The conservative think tanks behind King v. Burwell aren't the only ones giving a close reading to the Affordable Care Act's text.
The Obama administration says it has no contingency plan should the Supreme Court bar health insurance subsidies in states that failed to set up their own exchanges. If true, the president's legal team should take a look at an article published in early January by a Harvard law student, whose own close reading of the law says there is a perfectly legal and relatively easy workaround.
Writing in the student-run Harvard Journal on Legislation, Freilich Jones, JD16, says a section buried deep in the law gives HHS Secretary Sylvia Burwell the authority to set up an exchange for a state either “directly or through an agreement with a not-for-profit entity” (emphasis added by Jones). Elsewhere in the law, exchanges are defined as “a government agency or nonprofit entity that is established by a state.”
In other words, it all depends on what the meaning of the word “a” is.
Put the two phrases together and they give the federal government the right to subcontract operations of HealthCare.gov, which is running the exchanges for 37 states, with a nonprofit entity created by any one of those states, Jones claims. The workaround “depends on a very literal reading of the text of the ACA, precisely the sort of reading that the Supreme Court is almost certain to endorse if it finds for the plaintiffs in King.”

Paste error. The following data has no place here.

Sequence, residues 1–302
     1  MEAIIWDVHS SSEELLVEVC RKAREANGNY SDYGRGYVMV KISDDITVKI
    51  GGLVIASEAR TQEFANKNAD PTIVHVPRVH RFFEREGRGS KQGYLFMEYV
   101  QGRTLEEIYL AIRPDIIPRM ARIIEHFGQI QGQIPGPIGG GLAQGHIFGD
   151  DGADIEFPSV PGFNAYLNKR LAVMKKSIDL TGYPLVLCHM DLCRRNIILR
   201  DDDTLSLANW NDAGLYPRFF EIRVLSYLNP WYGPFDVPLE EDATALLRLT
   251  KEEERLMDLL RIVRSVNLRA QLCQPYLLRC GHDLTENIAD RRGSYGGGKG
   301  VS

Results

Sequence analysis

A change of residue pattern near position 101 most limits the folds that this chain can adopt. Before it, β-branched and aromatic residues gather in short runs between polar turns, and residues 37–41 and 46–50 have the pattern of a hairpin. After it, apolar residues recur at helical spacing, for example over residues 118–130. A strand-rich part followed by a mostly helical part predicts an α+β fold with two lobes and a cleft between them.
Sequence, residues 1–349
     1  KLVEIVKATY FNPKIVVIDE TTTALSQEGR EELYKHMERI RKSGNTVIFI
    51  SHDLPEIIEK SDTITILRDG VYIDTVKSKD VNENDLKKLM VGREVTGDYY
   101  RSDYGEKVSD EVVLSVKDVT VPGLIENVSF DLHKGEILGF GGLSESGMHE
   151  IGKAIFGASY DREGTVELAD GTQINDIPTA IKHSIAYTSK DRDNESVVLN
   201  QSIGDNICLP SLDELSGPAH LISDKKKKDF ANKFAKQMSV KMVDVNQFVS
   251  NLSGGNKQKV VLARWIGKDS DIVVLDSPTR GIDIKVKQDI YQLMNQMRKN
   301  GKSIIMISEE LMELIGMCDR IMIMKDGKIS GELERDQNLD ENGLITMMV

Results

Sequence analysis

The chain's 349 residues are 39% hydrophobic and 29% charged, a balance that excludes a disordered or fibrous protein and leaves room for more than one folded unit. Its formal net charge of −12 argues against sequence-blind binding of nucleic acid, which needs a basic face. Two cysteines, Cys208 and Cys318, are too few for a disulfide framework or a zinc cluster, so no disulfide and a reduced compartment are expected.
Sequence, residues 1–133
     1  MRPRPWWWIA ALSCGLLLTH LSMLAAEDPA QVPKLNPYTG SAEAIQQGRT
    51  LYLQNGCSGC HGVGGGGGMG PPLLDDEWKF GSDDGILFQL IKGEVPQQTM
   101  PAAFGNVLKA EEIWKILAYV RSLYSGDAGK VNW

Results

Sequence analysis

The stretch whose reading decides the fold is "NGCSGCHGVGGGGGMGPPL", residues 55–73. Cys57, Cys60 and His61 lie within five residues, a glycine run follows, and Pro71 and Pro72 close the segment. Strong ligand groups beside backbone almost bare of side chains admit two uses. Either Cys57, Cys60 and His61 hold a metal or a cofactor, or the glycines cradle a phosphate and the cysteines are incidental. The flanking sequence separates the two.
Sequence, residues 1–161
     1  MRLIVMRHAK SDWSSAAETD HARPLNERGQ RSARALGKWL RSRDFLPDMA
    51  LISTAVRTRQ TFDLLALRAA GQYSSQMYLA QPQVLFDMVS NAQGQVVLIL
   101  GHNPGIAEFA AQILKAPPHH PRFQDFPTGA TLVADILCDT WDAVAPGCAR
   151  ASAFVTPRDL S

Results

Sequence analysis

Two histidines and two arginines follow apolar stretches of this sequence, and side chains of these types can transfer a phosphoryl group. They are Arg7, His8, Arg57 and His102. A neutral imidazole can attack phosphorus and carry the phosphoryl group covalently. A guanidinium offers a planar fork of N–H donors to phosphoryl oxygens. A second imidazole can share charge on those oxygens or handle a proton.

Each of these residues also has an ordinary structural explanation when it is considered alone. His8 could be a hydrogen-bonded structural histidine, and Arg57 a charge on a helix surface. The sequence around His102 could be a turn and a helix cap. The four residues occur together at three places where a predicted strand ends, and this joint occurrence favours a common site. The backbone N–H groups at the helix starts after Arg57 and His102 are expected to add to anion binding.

At present, seven states (California, Connecticut, Delaware, Hawaii, Oregon, Rhode Island, and Vermont) have legislatures and a governor's mansion controlled by Democrats. They would no doubt be amenable to setting up the non-profit entity. Hawaii's exchange is already run by a government-initiated nonprofit.
Jones has already anticipated the legal attack that would be launched against any such move by the Obama administration. The main one is that while the law allows multi-state exchanges, it gives states the right to approve any multi-state exchange operating within its borders.
Since it's unlikely Republican-run states would grant such approvals, the workaround would entail setting up the nonprofit state exchange as an umbrella holding company with subsidiaries to serve a “geographically distinct area,” which the law's language also allows. Each geographically distinct area would correspond with the borders of a state.
“By incorporating the entire federal exchange operation into a not-for-profit health exchange system created by one of the states,” Jones concludes, “the Obama Administration would ensure that health tax credits could flow to all eligible taxpayers no matter their state of residence.”
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